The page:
Watching the late José Rodriguez Soltero’s 16mm films rekindled my love-hate relationship with avant-garde cinema. Long unseen, Jerovi from 1965 and Lupe from 1966 now seem to fit perfectly in the canon of ’60s American film culture, finding their space in the constellation whose other, brighter (canonized overkill) stars include the likes of Andy Warhol, Jack Smith, Kenneth Anger and (because I love to invoke her any chance I get) Maya Deren. Toronto’s Alucine festival (continuing till Sat, Nov 28) screens both Soltero rarities.
The 50-minute Lupe is ostensibly (and very loosely) based on the career of Lupe Velez, the Mexican actress perhaps best known in this day and age (thanks to Anger’s tale about her in Hollywood Babylon) as the woman who, despite attempting a graceful suicide, wound up drowning in her toilet — at least according to rumour. It’s raw, low-to-no budget filmmaking starring Mario Montez (who appeared in Smith’s Flaming Creatures and was a Warhol superstar). There’s lots of bad lighting, extreme blurry closeup work and a general lack of continuity along with all the requisite experimental camera movements and acknowledgment of the materiality of the cinematic form.
Jerovi, on the other hand, is a silent, 12-minute take on the Narcissus myth that involves a young man having a wank in Central Park, then rushing about in a gorgeous brocade cloak.
After the screening, I sorted through my various thoughts about what I’d just experienced — the vague menace of Deren crossed with the rapid-fire dreaminess of Anger; the devil-may-care raucous-ness of Smith with the meanness of Warhol — and decided that what really marks these films is none of these things: It’s their playfulness.
For example there’s something that approaches childlike play-acting in Mario Montez’s performance as Lupe, which involves a great deal of severe drag make-up, tatty glamour and some dramatic mugging. This is real, proper camp — not the bitchy queenery that goes by that name today — but a real, heartfelt sendup of a heroine. (Let’s not forget that Montez named himself after another Latin screen siren.) The film begins with Lupe on the telephone, with her mad red hair and mad red housecoat, after which she excitedly repeats, “I’m going to be a movie star again!” From here, it’s up, up, up, and then down, as Lupe’s final act is to turn on the gas and lie down forever.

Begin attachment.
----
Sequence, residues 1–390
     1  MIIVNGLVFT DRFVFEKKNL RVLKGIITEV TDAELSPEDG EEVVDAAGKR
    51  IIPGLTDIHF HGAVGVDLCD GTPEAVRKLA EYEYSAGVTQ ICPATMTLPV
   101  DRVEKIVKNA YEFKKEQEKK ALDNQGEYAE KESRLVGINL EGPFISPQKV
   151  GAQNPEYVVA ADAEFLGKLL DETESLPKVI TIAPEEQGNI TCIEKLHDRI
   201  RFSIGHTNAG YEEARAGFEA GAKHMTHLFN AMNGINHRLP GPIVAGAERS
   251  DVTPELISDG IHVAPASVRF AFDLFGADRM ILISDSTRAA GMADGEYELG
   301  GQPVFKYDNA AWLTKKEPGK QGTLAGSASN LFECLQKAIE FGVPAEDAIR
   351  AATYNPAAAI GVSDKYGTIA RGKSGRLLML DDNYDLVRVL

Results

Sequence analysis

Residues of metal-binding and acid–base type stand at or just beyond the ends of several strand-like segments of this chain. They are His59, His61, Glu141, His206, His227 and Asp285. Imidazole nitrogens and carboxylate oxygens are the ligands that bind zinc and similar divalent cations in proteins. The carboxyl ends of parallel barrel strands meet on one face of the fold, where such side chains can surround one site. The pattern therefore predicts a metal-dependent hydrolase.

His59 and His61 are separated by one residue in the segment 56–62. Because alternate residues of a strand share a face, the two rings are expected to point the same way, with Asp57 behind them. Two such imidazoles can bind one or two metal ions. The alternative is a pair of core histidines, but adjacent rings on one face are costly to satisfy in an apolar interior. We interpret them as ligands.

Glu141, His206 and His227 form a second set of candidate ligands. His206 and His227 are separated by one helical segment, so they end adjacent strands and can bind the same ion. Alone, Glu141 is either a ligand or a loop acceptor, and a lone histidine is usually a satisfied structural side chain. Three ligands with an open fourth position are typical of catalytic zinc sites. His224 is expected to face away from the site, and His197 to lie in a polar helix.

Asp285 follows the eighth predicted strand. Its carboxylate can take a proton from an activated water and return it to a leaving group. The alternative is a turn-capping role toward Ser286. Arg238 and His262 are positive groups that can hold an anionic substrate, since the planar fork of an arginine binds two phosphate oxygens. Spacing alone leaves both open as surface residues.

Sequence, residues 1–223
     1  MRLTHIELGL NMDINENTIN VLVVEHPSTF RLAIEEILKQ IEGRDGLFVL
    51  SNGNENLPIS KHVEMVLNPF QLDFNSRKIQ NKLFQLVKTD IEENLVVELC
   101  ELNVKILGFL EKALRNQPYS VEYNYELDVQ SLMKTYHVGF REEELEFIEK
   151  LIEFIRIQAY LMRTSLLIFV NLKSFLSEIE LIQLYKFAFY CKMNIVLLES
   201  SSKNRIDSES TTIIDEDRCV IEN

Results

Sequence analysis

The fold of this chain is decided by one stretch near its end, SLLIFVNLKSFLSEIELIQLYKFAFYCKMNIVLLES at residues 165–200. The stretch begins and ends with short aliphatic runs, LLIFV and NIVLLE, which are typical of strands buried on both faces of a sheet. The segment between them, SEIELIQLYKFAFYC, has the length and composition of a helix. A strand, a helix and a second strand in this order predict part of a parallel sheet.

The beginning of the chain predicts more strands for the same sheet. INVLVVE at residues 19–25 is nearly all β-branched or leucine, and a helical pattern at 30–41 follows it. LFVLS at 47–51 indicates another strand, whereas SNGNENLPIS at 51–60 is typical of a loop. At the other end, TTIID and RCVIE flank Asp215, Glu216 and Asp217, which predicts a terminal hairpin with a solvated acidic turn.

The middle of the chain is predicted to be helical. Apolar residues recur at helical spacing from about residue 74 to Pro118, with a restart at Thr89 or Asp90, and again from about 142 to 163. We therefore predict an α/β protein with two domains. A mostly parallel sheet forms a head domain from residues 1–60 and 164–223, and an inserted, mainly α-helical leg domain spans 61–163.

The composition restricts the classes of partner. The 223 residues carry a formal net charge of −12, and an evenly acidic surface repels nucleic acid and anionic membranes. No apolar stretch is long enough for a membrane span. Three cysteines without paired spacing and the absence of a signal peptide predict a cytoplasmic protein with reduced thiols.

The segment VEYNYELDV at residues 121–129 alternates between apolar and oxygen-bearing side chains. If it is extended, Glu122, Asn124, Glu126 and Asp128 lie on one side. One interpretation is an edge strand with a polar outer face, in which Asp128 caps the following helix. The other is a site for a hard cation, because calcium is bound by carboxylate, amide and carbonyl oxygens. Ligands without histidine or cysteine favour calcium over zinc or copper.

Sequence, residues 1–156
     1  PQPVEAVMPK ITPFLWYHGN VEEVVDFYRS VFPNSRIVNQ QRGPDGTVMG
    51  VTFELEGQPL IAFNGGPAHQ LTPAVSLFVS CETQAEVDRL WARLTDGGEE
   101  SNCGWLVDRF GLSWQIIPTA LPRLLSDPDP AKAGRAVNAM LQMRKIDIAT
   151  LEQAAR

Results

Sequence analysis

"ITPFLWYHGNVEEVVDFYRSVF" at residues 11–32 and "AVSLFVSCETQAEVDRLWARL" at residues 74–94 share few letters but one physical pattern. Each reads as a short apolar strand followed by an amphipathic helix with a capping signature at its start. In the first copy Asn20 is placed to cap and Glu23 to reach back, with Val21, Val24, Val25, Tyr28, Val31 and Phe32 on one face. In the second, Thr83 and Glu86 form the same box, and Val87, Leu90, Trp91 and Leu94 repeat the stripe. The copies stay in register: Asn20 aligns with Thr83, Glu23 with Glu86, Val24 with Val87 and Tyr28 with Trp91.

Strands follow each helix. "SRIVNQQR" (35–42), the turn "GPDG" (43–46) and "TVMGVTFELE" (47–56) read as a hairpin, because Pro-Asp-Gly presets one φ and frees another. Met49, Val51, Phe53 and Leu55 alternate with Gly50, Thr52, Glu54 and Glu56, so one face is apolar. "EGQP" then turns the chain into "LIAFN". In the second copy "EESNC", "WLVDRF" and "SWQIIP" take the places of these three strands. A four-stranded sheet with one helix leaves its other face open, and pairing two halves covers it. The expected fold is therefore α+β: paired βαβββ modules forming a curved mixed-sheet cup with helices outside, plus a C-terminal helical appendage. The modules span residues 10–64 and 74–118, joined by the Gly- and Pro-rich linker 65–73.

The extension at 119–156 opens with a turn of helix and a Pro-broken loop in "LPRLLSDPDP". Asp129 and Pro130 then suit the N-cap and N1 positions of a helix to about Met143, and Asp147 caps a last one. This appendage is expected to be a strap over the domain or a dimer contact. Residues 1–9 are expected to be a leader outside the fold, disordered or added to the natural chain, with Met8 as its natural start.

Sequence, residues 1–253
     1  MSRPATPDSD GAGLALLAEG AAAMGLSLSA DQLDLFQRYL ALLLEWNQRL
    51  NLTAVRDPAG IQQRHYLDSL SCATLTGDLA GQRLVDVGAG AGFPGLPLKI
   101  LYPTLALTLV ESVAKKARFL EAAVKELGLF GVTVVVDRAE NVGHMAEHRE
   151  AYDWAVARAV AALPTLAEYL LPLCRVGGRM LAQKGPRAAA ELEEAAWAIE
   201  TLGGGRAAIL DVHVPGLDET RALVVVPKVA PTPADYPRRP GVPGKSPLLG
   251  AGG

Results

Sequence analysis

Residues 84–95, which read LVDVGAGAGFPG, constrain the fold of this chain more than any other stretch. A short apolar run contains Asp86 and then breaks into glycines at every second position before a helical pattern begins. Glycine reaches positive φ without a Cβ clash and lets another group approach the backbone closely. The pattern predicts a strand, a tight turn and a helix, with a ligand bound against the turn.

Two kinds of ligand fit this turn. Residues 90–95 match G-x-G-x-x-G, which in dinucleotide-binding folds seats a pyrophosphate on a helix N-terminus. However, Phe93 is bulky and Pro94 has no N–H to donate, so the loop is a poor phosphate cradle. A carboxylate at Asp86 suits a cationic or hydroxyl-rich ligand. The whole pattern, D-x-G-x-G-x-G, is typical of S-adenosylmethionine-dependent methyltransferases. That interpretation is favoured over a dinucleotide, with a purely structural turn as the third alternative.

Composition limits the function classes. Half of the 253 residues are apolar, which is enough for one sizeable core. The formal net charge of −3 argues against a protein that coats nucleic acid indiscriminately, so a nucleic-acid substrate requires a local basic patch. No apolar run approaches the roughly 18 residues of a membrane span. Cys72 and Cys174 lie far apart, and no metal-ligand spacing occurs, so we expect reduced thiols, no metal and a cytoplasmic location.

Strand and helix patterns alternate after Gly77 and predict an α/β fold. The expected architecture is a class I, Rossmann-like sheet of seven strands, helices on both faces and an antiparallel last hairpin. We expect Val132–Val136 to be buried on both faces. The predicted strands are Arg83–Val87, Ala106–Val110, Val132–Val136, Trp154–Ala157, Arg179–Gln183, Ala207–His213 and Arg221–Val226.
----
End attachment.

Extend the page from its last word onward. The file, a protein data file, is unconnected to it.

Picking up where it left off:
Also amazingly striking is the intensity of colour saturation in the film, as though Soltero couldn’t get enough lipstick red. For me the most satisfying element of all is the makeshift sets. The best example is a sequence in which Lupe performs some form of veil dance in front of a filthy blanket pinned to a filthy wall in a filthy apartment. Imagination is the thing!
Jerovi is a very different film, restrained and poetic. Again Soltero indulges in colour saturation but here, rather than fire-engine red, we have the intensity of a verdant park in which a young man pleasures himself. In a near-comic sequence at the end he appears to be running sometimes toward, sometimes away from himself, until he comes to rest in the lush vegetation near a pool.
Both films are well worth a look, whether you are a cinephile with that incessant hunger to plug the gaps in your viewing knowledge, a freak for Latin-inflected Warhol-soaked New York in the ’60s or just a pop-culture junkie. You’ll find yourself fondly remembering playing dress-up and let’s pretend — assuming, of course, that you were that sort of child.
Jerovi and Lupe screen at 7:30pm and 9:30pm on Fri, Nov 20 at Cinecycle (129 Spadina Ave); admission is $8. There are lots of other queer offerings at Alucine, like the Brazilian doc on the burial of a trans woman, The Shoes of Aristeau, 7pm, Nov 23; and local docs Our Faces, Our Stories by Samuel Lopez and My First Time by Alex Flores, 7pm, Nov 26. Most screenings at Lennox Gallery (12 Ossington Ave); call (416) 971-4273 or go to Alucinefestival.com.